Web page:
After 33 years in the New Zealand Police force, Graham Bell experienced a ‘career shift’ becoming popular host of Police Ten 7. On the air for 17 years, Bell was a hit with the New Zealand public as he colourfully described offenders each week. Recognised publicly for both his police and television work, Bell is arguably one of New Zealand’s most recognisable faces. Grandparents NZ had a Q&A with Bell.
When were you first approached to host Police Ten 7 and what made you agree to do it?
Just before retiring from the police I was the officer in charge of the investigation into the murder of Beverly Bouma at Reporoa. Screentime followed the investigation and filmed a documentary “Operation Bouma” which was screened on TV. Following this I was approached by Ross Jennings of Screentime who pitched the idea of me fronting a police programme when I retired. It sounded like a good idea so I agreed with the proviso that we include a crime solving element to ensure the co-operation of the Police Department.
You had a 33 year police career before moving in to television. Police Ten 7 first aired 17 years ago, how did the series affect you?
Once I became accustomed to the demands of being a TV presenter I really enjoyed it. It was good to be able to utilise the knowledge and skills I had built up in my 33 years as a police officer; and to remain in touch with many of my former colleagues. I also thoroughly enjoyed being a virtual ‘free agent’ and not subject to the policies, rigidity, curbs and restraints of the police department. I was also aware that my ’turn of phrase’ was not universally popular with police HQ.
How did the New Zealand public react to you being on TV?
I experienced virtually no negative responses from the NZ public. Wherever I went I was greeted with a positive and friendly attitude 98% of the time.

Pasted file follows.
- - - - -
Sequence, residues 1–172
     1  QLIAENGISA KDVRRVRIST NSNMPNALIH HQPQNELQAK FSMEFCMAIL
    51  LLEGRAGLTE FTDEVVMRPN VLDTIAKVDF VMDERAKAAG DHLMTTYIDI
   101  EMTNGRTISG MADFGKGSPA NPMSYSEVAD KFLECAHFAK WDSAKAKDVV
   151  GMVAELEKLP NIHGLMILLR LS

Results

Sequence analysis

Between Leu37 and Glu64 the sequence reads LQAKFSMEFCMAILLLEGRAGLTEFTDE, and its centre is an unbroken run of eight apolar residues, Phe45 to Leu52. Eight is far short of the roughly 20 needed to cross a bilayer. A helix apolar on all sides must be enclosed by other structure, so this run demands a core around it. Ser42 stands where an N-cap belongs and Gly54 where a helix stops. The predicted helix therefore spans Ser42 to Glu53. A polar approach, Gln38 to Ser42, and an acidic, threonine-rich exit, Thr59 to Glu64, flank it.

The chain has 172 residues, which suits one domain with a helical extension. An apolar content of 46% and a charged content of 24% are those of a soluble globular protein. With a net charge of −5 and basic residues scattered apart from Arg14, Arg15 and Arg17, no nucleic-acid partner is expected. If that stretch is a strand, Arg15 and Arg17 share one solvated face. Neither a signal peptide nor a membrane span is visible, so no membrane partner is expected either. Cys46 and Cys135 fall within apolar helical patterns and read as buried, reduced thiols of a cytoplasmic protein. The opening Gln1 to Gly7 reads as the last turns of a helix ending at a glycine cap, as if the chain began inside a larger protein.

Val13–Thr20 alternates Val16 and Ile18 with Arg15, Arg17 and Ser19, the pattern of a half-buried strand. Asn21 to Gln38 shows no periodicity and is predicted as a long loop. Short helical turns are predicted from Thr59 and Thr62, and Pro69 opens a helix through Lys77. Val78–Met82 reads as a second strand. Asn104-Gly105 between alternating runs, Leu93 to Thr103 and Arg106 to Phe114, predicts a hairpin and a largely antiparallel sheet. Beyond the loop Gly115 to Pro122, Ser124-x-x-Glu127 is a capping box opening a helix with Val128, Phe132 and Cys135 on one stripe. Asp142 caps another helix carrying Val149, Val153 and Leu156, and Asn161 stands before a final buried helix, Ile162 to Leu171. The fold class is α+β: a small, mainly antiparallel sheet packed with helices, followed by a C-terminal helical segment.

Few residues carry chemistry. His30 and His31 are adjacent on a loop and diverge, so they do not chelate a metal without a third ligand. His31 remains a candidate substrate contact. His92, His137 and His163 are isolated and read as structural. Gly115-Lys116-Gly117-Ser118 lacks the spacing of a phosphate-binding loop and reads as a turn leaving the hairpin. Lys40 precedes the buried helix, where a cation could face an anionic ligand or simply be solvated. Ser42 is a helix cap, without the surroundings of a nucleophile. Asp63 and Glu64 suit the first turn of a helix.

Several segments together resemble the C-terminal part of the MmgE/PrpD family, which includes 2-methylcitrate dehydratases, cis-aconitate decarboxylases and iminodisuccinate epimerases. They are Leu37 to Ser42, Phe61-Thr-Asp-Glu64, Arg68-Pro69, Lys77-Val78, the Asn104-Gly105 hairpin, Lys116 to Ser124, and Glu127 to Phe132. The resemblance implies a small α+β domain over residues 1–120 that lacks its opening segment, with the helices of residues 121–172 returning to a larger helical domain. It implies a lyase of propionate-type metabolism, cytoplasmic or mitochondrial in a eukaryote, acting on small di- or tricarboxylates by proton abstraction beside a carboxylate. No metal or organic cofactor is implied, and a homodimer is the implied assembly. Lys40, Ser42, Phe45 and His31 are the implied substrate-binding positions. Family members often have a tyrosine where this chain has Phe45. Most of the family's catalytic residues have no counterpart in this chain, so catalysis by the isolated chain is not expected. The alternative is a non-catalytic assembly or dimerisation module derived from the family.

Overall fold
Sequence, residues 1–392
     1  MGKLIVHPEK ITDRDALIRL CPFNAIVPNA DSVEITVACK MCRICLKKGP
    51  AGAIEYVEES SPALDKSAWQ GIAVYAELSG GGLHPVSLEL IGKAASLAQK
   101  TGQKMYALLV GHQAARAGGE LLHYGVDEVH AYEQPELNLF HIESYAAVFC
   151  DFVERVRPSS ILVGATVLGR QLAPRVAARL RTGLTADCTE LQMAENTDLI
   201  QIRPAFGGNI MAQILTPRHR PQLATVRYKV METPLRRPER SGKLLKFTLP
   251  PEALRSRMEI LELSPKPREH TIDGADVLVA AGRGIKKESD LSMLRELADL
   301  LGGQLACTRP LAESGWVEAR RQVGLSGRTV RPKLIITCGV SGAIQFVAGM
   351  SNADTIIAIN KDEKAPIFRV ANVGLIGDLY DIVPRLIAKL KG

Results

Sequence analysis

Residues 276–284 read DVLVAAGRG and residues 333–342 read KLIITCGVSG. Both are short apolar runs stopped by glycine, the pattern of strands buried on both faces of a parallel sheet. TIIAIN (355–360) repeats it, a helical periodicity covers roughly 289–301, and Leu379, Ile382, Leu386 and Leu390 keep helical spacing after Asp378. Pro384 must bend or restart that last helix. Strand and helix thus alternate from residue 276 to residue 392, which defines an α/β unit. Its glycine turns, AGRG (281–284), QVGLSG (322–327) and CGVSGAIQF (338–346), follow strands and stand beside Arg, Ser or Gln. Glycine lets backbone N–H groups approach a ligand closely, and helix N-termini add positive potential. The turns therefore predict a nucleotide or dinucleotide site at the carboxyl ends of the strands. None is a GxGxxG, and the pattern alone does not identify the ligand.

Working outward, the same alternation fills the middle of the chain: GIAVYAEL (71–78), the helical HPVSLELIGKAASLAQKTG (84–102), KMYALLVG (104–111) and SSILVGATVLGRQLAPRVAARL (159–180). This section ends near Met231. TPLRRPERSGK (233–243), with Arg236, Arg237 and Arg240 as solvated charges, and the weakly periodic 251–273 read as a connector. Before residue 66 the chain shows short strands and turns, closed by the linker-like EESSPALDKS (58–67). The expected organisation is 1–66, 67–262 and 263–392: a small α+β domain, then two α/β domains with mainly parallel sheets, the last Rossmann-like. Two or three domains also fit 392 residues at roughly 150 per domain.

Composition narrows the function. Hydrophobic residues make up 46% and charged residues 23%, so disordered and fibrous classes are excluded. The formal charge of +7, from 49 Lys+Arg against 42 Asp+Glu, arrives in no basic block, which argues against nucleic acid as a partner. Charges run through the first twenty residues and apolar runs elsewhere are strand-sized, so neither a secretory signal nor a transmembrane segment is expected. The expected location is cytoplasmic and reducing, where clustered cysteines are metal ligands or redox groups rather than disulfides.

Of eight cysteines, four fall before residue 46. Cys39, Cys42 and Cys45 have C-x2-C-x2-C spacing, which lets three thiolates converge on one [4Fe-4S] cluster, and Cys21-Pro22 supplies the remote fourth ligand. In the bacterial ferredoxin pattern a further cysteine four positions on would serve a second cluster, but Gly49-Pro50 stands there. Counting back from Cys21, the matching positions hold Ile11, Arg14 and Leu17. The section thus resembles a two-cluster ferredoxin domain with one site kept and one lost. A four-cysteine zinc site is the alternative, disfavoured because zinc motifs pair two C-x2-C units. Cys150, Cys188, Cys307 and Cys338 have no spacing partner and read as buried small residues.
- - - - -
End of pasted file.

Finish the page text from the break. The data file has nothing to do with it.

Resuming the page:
How do you think your experience as a police officer helped your TV career?
I couldn’t have done the job the way I did without my police background. Having widespread acceptance from the serving officers was vital and arose from my having been one of them.
If you were approached to do the series now, would you?
I would be happy to do it again; but I am older now and being tied to the demands of a weekly appearance would be more awkward. Mind you I am confident that I still have the ability and skills.
What have you noticed in terms of society since the beginning of your policing career and the beginning of the show? It does feel like crime has become more violent and widespread.
Despite how common crime reports seem NZ is still a relatively crime free environment. That crimes still make the news here indicates how unusual they are in the scheme of things. In most other parts of the world murders, rapes, robberies and violence rarely make the news unless there is something particularly sensational about it. NZ has between 70 and 100 homicides a year. In many places overseas they have that many in a week. The only blot on the horizon here is the proliferation of drug use, particularly methamphetamine, which is often an aggravating feature toward violence and mindless behaviour.
Across your television and police career, what has been the absolute career highlight for you?
Highlights of my career include many of the murder and other serious crime investigations I have successfully led; as well as making a success of Police Ten 7 over many years. I was awarded a Queens Service Medal in 2001 which was a very nice way to end my police career. Going to Wellington with my family for the investiture was a great day for all of us.
What do you get up to these days?
These days I still do some speaking engagements which I really enjoy, voice a few ads here and there and otherwise enjoy a quiet life in semi-retirement.